Alleged and proven healthcare fraud made headlines recently with the indictment and convictions of mental health service providers in Texas.
Authorities charged San Angelo psychiatrist Robert H. Gross, M.D., with 52 counts of healthcare fraud, the U.S. Department of Justice announced. Gross allegedly ran a five-year scheme to defraud Medicare, Medicaid and commercial insurers. He reportedly billed for services that were either not rendered or filed under inflated procedures codes. Billings in this case totaled nearly $1.75 million.
Gross allegedly billed for services to nursing home residents on dates when he didn't see them. Some, for example, had died or were discharged before Gross's claimed visits, according to the government's case.
If Gross is convicted, each healthcare fraud count carries a maximum penalty of 10 years behind bars and a $250,000 fine.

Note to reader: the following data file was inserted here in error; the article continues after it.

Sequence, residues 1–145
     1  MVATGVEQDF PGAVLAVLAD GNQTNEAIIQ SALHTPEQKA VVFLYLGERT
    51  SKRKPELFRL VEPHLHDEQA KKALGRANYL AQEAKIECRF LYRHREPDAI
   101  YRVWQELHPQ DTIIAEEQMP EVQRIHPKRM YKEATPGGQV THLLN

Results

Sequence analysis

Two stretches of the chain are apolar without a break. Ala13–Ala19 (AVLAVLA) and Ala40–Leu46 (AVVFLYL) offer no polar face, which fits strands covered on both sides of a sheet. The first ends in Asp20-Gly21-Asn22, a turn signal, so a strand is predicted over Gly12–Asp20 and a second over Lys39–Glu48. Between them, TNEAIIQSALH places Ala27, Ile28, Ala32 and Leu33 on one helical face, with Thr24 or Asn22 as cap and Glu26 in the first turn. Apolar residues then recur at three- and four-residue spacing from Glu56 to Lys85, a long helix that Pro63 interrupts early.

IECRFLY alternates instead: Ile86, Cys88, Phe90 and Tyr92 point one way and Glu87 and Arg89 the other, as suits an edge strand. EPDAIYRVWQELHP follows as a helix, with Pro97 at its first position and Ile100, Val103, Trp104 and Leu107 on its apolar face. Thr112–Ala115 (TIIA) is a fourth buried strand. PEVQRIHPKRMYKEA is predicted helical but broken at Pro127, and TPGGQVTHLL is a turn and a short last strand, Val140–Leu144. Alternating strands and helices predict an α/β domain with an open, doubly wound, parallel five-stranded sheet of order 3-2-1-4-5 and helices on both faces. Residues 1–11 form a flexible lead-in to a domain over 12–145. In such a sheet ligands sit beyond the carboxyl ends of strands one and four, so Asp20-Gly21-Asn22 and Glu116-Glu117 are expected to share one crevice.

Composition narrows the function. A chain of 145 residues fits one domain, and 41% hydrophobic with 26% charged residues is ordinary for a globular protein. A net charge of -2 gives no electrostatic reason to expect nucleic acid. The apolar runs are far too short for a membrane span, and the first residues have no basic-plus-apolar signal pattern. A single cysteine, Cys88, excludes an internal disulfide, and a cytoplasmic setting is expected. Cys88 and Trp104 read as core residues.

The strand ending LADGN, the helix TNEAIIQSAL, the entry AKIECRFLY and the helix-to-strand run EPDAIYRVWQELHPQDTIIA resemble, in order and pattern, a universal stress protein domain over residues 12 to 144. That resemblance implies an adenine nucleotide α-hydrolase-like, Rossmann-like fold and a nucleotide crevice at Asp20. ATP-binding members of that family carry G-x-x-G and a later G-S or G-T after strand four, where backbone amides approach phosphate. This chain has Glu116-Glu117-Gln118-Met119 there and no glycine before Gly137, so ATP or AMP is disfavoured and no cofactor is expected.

Meanwhile in Houston, a federal grand jury convicted Earnest Gibson III, president of Riverside General Hospital, his son and two others for their roles in a $158 million Medicare scam involving partial psychiatric hospitalization program services, according to the DOJ. Ten defendants have now been convicted in this case.
"For over six years, the Gibsons and their co-conspirators stuck taxpayers with millions in hospital bills, purportedly for intensive psychiatric treatment," said Texas Assistant Attorney General Leslie R. Caldwell in the announcement. "But the 'treatment' was a sham--some patients just watched television all day, others had dementia and couldn't understand the therapy they supposedly received, and other patients never even went to the hospital at all."
Evidence also showed Gibson paid kickbacks to recruiters and owners of group care homes for delivering ineligible beneficiaries to the hospital, the DOJ noted.
Riverside Hospital has been on the brink of financial ruin since most of its federal funding was cut off after an indictment was unsealed in late 2012, the Houston Chronicle reported.